Weighing In on Weighing In: Tales of Recovery from the Scale


I’m in recovery from scale abuse.

You know what I’m talking about — constantly weighing myself, trying to figure out my eating and my life based on how much I weigh.

I’ve been in recovery for decades. I like to even think that I’m recovered. (There’s a big debate in the eating disorder world about recovery vs. recovered. It has to do with whether someone can ever truly be completely recovered. I’ll save that discussion for another post.)

But a recent experience at the doctor’s office got me looking at my recovery/recovered status a little more closely.

Reacting Differently To Weight Gain On The Scale

My earliest memories include weight worries. A round child in a stick-thin family, I was singled out for my “failing.” It wasn’t until I learned to view my size as my natural self — and any changes in my size as a symptom (not necessarily of anything bad) — that I found peace around the issue.

So when I stepped on the scale at the doctor’s office a couple weeks ago (a visit for an ear problem — so why did they have to weigh me?) and saw that my weight was higher than it normally is, my reaction wasn’t distress as much as question.

“Why was my weight higher?”

I ran through the potential reasons that I know so well from working with women who struggle with eating and weight as well as my personal experience.

  • Was it my lifestyle? I have been working a lot more in the last year, which has led to less physical activity and increased consumption of less than optimal food at times. We all understand, to a degree, the impact of that on our weight. (But I don’t think it’s as well understood as many think it is. Again, fodder for another post.)
  • Was chronic inflammation kicking up for me again? Chronic inflammation can cause a host of problems, not the least of which is to tinker with our appetite regulatory system and body homeostasis. I had a problem with chronic inflammation at one point and weight gain was a symptom of that for me.

So weight changes can be a result of either of these issues (which can be interrelated), potentially providing an indicator that something is awry.

I wondered, though, that my clothes seemed to fit the same.

I sat pondering these questions as I waited for the doctor. Again, I wasn’t feeling distressed but I was curious. I wanted to know what my increased weight was potentially telling me about my body, my habits, my health.

Then I thought, “I’m going to check again, this time without shoes.”

Lo and behold, the scale showed my usual weight. Now the shoes in no way accounted for the difference in the two weighings. So it must have been something about the scale.

Before You Stress Yourself Over The Scale…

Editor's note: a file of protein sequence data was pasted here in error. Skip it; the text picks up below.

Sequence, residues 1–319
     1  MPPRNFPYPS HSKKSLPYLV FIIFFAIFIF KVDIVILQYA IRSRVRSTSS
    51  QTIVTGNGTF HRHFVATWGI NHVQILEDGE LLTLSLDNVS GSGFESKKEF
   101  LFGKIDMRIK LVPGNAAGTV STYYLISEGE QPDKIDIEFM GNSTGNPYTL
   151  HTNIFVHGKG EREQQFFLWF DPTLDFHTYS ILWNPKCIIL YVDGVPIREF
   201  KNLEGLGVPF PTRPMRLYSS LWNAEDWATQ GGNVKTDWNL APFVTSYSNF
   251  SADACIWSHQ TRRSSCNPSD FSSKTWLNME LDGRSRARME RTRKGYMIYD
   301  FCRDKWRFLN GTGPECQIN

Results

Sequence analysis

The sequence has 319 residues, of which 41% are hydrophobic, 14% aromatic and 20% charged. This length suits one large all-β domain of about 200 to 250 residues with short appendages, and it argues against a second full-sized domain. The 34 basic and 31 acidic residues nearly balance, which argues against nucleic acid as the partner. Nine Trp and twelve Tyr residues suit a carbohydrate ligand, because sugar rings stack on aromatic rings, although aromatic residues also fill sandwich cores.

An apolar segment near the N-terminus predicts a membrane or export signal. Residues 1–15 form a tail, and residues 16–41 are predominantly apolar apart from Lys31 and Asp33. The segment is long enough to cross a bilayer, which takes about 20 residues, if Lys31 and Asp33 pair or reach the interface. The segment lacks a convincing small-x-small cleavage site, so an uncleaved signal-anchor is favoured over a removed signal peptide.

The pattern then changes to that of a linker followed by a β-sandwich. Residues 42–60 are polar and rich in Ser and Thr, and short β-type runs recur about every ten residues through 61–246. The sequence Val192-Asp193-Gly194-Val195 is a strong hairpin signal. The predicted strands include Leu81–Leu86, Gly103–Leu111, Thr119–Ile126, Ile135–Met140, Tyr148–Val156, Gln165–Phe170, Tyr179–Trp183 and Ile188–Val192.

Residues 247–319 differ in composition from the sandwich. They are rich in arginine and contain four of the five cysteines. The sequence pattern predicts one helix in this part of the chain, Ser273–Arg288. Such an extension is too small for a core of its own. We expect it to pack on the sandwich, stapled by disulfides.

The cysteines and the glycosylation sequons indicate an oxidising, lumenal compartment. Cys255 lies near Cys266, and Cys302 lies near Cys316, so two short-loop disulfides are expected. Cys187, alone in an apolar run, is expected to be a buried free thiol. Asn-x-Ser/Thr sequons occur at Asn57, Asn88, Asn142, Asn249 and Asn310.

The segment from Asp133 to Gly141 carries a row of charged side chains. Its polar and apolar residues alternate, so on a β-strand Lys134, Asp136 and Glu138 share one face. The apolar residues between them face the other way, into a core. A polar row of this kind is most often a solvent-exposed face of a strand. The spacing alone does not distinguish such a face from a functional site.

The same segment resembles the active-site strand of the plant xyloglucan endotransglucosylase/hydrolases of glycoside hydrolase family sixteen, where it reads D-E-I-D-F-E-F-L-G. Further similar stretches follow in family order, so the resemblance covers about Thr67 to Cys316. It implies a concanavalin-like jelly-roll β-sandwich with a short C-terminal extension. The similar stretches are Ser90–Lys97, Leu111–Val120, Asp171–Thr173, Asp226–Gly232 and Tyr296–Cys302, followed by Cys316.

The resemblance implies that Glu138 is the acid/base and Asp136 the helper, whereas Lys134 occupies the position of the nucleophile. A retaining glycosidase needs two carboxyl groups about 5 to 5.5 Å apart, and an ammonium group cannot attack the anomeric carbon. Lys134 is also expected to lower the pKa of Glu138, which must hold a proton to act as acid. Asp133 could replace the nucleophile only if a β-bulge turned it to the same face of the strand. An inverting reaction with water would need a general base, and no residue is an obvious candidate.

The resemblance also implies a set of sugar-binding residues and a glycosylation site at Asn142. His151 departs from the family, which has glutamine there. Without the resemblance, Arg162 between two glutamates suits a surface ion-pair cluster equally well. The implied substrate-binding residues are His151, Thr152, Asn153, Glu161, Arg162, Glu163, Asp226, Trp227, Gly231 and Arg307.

The lesson? Rather than diving into distress, I considered logically. And I found my answer among the many possibilities.

In this case, the answer was particularly reassuring to me. A perfectionist at heart, I’m in recovery from that, too, but definitely not recovered yet. So it was helpful to see that a “perfect lifestyle” isn’t necessary. Even though my lifestyle has been less than optimal in my view, apparently I’m holding my own at the moment. (Note to self: Don’t wait until it does start having an impact. Self-care is where it’s at.)

Old habits die hard. But they can die.

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One response to “Weighing In on Weighing In: Tales of Recovery from the Scale”

  1. Harriet Krivit says:

    Whenever a recept. or nurse asks me to step on a scale I just say “no” politely. But being that I hadn’t weighed myself in over a year and before recent spine surgery it was required and, I was actually curious. So I did. If my clothes fit pretty much the same what in the world do I care about the number?
    My guide to my body size and weight has one requisite. ” Am I *comfortable? BIG *word for me. Am I feeling comfortable sitting/walking just generally moving around? I thought I was about 135…and she weighed me with shoes and clothes after lunch 138. Boy spot on! I made a comment to her about
    rarely weighing myself because the scale always seemed to be some kind of *judgement call…even maybe moral. Don’t need *it.

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About the Author

Marsha Hudnall, MS, RDN, CD

If you’re looking for an embodiment of dedication disguised as obsession, look no further. Marsha is a registered dietitian who has spent the last four decades working to help women give up dieting rules and understand how to truly take care of themselves. Her mission in life is to help women learn to enjoy eating and living well, without worries about their weight. She encourages women to embrace their love of food, which you might call being a foodie. If so, it’s appropriate because being a foodie means you pay attention when you eat. That’s a recipe made in heaven for eating well. Marsha is the President and Co-Owner of Green Mountain at Fox Run.

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